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Gentleness

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Posted by Dani Treweek, 19 Mar 2020

Dani Treweek points us to Christ's example as we look at the spiritual fruit of gentleness.

Jesus said: ‘Come to me, all you who are weary and burdened, and I will give you rest. Take my yoke upon you and learn from me, for I am gentle and humble in heart, and you will find rest for your souls. For my yoke is easy and my burden is light.’
Matthew 11:28-30

Starter Question
When was the last time you observed someone acting in a gentle manner? What did they do that struck you as gentle?

But the fruit of the Spirit is love, joy, peace, forbearance, kindness, goodness, faithfulness, gentleness and self-control. Against such things there is no law. Galatians 5:22–23

Recently, my 2-year-old nephew met his 6-week-old cousin for the first time. He spent the entire afternoon trying to ‘share’ all his toys with the baby, which entailed delightedly shoving each toy in his cousin’s little face so he might best appreciate each and every one. I, on the other hand, spent the entire afternoon repeatedly calling out, ‘Matthew, you need to be gentle with the baby. Be gentle!’ It was at that point that I realised our tendency to link gentleness with being ‘like a little child’ is perhaps somewhat misplaced! 

Galatians 5:22-23 calls Christians to bear the spiritual fruit of gentleness. Yet how ought we to think about gentleness? How do we understand it? What does it look like in action?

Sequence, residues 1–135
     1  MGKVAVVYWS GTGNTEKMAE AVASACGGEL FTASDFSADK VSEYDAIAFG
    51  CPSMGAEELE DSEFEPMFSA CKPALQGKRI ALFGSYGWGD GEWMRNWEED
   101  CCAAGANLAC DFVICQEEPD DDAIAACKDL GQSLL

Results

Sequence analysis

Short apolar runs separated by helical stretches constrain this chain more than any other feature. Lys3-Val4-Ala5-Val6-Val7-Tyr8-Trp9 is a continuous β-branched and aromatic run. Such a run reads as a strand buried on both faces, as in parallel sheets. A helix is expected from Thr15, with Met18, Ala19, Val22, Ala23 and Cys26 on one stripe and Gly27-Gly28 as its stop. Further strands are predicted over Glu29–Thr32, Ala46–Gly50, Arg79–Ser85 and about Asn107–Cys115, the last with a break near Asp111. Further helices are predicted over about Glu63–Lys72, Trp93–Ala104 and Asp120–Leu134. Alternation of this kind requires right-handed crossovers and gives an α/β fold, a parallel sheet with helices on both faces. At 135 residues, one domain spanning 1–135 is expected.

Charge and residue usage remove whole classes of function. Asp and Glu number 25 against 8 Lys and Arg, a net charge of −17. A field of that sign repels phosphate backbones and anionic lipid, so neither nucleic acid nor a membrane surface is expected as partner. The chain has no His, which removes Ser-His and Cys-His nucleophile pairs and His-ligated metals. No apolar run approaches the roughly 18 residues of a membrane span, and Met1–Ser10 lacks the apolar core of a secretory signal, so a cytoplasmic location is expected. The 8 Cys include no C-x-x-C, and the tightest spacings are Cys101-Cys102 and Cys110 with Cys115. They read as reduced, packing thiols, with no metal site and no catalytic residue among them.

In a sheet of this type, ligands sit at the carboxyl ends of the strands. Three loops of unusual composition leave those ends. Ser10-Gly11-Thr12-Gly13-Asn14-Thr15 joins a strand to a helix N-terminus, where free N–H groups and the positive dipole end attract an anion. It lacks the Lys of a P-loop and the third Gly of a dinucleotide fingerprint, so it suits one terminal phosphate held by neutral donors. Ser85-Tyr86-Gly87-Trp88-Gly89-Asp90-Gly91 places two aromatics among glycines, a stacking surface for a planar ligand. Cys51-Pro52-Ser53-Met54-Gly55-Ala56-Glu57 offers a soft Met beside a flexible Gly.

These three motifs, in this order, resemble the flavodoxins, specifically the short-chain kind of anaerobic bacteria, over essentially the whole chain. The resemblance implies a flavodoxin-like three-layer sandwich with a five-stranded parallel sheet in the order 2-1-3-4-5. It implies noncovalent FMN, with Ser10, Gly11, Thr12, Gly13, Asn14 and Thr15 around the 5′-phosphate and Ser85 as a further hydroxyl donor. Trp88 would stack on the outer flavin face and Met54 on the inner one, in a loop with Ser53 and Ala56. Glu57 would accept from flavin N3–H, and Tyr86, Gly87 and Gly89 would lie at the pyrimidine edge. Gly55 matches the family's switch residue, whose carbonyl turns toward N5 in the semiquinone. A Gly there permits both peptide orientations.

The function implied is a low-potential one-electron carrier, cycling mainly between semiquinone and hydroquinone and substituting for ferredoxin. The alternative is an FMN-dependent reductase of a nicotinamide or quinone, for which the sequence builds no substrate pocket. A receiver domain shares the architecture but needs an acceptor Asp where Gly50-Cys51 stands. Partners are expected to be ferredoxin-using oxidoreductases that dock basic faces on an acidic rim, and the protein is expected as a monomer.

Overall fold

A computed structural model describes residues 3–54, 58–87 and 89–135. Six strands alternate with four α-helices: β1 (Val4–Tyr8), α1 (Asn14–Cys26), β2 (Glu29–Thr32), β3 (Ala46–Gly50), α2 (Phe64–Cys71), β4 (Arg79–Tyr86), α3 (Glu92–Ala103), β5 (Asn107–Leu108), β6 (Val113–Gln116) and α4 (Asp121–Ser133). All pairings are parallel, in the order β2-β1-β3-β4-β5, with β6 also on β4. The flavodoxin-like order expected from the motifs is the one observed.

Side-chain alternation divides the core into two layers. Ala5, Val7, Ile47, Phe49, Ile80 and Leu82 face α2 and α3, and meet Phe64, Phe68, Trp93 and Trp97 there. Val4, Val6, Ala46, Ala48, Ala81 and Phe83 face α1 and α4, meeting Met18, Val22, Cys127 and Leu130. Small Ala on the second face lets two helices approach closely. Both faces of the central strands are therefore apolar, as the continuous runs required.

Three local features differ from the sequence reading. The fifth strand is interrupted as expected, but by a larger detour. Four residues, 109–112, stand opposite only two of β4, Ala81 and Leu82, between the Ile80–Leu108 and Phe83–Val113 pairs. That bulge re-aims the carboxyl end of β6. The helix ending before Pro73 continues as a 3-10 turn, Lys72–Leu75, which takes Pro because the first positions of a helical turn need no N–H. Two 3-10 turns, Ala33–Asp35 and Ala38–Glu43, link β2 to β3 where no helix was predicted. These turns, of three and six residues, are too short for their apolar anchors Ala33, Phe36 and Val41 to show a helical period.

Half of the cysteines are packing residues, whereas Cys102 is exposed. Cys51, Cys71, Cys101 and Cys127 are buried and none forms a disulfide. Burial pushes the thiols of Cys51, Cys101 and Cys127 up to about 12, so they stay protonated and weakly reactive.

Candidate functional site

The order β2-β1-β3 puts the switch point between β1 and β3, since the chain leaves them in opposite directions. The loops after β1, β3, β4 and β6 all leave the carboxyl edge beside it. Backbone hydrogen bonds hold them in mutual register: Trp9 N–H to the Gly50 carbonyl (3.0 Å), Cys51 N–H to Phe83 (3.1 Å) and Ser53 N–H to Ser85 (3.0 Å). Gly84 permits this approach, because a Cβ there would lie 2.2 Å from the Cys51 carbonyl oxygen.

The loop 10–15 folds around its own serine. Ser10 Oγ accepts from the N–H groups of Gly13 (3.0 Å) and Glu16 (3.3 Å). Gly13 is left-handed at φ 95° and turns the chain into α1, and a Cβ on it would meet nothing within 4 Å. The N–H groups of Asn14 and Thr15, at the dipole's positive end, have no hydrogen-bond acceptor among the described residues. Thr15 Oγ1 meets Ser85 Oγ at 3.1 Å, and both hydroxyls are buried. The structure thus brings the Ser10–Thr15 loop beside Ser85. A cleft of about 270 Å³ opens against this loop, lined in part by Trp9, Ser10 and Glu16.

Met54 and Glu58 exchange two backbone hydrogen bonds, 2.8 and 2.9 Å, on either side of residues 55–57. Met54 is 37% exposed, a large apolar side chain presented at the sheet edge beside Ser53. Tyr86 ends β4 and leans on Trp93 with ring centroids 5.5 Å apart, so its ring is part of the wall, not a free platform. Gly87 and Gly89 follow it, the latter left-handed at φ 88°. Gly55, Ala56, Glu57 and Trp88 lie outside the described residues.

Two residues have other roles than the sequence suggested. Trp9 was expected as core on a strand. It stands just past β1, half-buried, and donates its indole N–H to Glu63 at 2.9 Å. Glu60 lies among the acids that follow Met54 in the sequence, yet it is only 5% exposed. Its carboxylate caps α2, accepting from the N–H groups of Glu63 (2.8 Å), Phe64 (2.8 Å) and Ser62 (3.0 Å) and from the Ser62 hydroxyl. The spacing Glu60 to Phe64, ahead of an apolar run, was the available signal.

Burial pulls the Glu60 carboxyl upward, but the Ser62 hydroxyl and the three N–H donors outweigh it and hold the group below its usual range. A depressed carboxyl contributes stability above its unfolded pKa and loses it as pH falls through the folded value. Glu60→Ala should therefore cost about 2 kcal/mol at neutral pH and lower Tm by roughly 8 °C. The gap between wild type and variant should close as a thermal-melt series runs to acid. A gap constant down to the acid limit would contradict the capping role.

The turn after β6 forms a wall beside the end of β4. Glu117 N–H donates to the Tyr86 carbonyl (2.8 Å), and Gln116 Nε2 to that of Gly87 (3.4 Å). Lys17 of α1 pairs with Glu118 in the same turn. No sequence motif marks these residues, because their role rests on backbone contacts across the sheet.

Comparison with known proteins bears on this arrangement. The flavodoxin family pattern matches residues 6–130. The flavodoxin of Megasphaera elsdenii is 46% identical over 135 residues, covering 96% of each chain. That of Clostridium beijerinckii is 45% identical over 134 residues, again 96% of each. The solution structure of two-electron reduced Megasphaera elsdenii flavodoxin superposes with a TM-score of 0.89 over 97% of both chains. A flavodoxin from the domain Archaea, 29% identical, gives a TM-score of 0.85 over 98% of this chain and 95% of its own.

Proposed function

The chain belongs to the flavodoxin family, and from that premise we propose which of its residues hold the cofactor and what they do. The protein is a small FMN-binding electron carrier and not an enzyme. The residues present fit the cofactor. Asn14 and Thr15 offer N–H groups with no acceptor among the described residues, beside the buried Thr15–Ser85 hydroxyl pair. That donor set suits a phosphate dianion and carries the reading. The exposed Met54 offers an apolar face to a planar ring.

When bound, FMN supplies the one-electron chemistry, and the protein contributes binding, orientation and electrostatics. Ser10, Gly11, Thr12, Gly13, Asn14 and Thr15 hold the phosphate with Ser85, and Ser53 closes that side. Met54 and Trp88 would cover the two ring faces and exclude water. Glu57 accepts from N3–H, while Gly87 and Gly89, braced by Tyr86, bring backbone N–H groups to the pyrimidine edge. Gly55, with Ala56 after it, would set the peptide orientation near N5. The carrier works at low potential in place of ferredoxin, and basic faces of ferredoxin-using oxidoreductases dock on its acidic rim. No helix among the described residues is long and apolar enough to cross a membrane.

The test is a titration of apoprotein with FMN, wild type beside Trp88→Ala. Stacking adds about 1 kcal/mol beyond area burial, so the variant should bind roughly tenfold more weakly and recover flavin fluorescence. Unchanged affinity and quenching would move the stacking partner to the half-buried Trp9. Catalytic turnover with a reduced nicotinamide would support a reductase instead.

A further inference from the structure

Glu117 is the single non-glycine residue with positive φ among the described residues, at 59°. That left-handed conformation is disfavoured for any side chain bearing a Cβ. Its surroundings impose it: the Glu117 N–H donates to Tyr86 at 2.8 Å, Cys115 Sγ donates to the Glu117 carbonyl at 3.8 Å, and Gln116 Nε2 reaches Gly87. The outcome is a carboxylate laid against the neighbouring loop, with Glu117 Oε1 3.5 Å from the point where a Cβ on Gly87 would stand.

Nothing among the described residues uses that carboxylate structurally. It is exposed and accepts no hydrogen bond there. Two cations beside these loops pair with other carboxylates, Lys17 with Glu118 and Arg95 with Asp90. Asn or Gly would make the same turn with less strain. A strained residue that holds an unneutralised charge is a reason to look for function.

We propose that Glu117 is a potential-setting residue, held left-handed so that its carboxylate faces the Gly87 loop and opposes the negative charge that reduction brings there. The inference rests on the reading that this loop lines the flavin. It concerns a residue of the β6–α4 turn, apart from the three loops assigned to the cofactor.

Jesus and Gentleness’s Content

If we truly wish to know what gentleness is, then surely we should look no further than the one who declares, ‘I am gentle’ (Matthew 11:29). That passage is a very familiar one to many of us (even appearing in the Book of Common Prayer Communion service). And yet, when we look more closely, I think we find something perhaps a little unexpected about this concept of gentleness.

We tend to define gentleness as characterising the way we are called to act, and interact, in this world. For us, gentleness is so often a matter of conduct. However, in this Gospel passage, Jesus doesn’t simply describe himself as someone who acts gently. Rather, he says ‘I am gentle.’ Jesus’s gentleness is more than mere conduct, more than simply his manner. Rather, his gentleness has a nature. It has content. Jesus acts gently, because he is gentle.

In that same verse, the content of Jesus’s gentleness is closely linked with his humility. In fact, the connection between gentleness and humility is a frequent refrain throughout the rest of the New Testament (e.g., 2 Corinthians 10:1; Ephesians 4:2, Colossians 3:12). But it is perhaps no more wonderfully recounted than in Matthew 21:1-11, when Jesus sends his disciples to fetch a donkey that he may ride into Jerusalem. We are told that this odd request took place to fulfil the prophecy that the ‘king comes to you, gentle and riding on a donkey’ (see Zechariah 9:9). Surely there can be no clearer demonstration of gentleness than this? The king, entering his royal city, being praised by his people… all while knowingly riding towards his death on the back of, not a noble steed, but an ordinary donkey.